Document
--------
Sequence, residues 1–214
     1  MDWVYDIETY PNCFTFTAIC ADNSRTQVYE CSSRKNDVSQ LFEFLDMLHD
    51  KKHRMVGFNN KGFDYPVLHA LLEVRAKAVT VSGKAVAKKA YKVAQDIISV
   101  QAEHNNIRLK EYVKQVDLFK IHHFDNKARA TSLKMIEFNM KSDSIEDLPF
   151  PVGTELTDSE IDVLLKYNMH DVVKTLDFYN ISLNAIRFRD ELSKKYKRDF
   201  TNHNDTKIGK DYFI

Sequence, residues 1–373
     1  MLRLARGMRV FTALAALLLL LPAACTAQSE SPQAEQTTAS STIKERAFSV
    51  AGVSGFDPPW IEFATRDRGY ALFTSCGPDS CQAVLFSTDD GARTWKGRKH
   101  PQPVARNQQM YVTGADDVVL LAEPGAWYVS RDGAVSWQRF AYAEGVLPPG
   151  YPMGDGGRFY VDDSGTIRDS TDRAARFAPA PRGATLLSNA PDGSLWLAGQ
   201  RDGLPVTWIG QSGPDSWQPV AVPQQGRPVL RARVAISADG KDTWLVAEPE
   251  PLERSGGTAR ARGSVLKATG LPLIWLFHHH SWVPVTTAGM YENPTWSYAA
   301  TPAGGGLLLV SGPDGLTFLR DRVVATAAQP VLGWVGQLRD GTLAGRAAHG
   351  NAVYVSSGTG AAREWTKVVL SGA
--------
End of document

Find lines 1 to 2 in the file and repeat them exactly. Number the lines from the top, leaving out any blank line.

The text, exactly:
Sequence, residues 1–214
     1  MDWVYDIETY PNCFTFTAIC ADNSRTQVYE CSSRKNDVSQ LFEFLDMLHD